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A Killer 4th Season for La Femme Nikita

Reviewed by Beth Hannan Rimmels

I don’t know how much longer the writers and producers of La Femme Nikita can continue to raise the stakes without the show exploding, but so far so good.

Watson (left), Glazer

During the latter part of last season, Section One leaders Operations (Eugene Robert Glazer) and Madeline (Alberta Watson) were becoming increasingly intent upon breaking up the love affair between operatives Michael (Roy Dupuis) and Nikita (Peta Wilson). In addition to lowering mission effectiveness, it was feared that as a team, Michael and Nikita could perhaps take their places as the masters of Section One. When every effort failed, they launched one final, extreme plan to avoid terminating one or both of the lovers: Nikita was diverted during a mission and Madeline used an experimental technique to brainwash her and eliminate her feelings for Michael.

Wilson (left), Dupuis

The double-episode season premiere on Sunday (9 p.m. ET/8 p.m. CT January 9 on USA Network) picks up in the days thereafter. Not only has the treatment destroyed Nikita’s feelings for Michael, but it has also stopped her from forming emotional attachments to anyone, practically turning her into the robot Operations always wanted.

Michael, of course, knows that this sudden change can’t be normal and is determined to not only find out what happened but use his knowledge of Section One to find a way to undo the damage lest the process be used on all of them. His efforts will be dealt with in a four-episode story arc that begins with these two episodes.

Roy Dupuis

The initial investigation covers the sort of ground regular Nikita viewers would expect. It’s in the second episode that we learn a secret Operations and Madeline want to conceal at all costs, even if it means terminating Michael. The twist is too good to spoil, but I can’t figure out how this arc can resolved while allowing Michael to return to Section.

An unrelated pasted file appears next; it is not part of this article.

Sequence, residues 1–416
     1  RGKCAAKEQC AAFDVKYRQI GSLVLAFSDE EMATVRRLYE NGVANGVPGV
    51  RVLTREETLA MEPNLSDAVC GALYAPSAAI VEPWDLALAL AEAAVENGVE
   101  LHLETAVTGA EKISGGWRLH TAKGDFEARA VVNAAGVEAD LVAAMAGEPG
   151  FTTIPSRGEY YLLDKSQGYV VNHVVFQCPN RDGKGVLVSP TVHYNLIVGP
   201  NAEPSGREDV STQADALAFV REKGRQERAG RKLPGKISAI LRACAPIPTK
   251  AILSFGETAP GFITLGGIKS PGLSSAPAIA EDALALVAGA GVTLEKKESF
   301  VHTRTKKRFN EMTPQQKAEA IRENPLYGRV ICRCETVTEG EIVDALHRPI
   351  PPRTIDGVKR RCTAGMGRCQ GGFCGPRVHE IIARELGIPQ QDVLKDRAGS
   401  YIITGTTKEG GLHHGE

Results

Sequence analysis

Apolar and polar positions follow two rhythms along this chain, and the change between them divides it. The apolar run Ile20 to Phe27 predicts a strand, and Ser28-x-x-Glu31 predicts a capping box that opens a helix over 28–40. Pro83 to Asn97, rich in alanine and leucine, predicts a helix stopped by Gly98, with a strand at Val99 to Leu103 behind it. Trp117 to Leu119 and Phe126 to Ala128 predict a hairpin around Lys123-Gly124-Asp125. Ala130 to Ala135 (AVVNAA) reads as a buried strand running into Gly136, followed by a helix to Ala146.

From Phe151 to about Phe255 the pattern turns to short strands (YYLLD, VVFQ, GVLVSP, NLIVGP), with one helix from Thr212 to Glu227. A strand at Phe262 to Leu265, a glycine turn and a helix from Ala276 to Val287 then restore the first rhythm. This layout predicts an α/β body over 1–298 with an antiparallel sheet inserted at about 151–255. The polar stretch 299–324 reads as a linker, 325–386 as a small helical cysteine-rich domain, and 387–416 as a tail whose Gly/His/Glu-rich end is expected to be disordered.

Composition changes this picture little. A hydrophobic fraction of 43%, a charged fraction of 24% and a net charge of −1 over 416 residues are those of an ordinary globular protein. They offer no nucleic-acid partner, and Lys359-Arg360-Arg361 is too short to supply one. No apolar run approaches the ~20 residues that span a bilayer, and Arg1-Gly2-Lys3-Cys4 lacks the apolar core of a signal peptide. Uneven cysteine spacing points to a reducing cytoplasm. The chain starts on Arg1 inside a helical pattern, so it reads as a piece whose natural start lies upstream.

Simultaneously, the subplot involving Oversight’s increasing scrutiny of Section One and Operations continues to develop, also picking up from last season. As the season goes on, that subplot will continue to grow until it verges on full-scale war between George and Operations.

Peta Wilson

Other future episodes will have Madeline confronting her Red Cell counterpart and more information on the man who saved Operation's life when he was in a Vietnamese POW camp. Nikita will also learn more about why she was framed and recruited by Section One. A teaser from USA Network also hints that Operations will also use the "mysterious abilities of a very unusual operative from another Section," which begs the question, how many other Sections are there? And how exactly do they interconnect? Does each Section have its own specialty, which might explain why this other group has such a mysterious operative?

My main complaint about Nikita over the years is that the show often rushes its story arcs too much. I certainly don’t want stories to drag on forever, but some plots, such as the Jurgen story arc, were resolved so quickly that it felt unnatural. A fast-paced show doesn’t have to skip the details fans love.

On the other hand, the writers have done an excellent job of bringing back characters from earlier episodes, such as Nick, and tying together the various plot twists over the years. Wilson has improved as an actress since her first season and the rest of the cast has always been good. Walter (Don Francks) and Birkoff (Matthew Ferguson) in particular have grown from minor supporting characters to essential components of the addictive show.

If you haven’t watched La Femme Nikita before, you might be pleasantly surprised. While flashier and a bit more explosive than the superb In the Company of Spies, Nikita is a well-crafted action series that doesn’t neglect the cat-and-mouse aspect of espionage and counterterrorism.


Review 2000 Beth Hannan Rimmels. La Femme Nikita USA Networks/Fireworks Entertainment Productions. Accompanying photographs  David Drebin/USA Networks/Fireworks Entertainment Productions.













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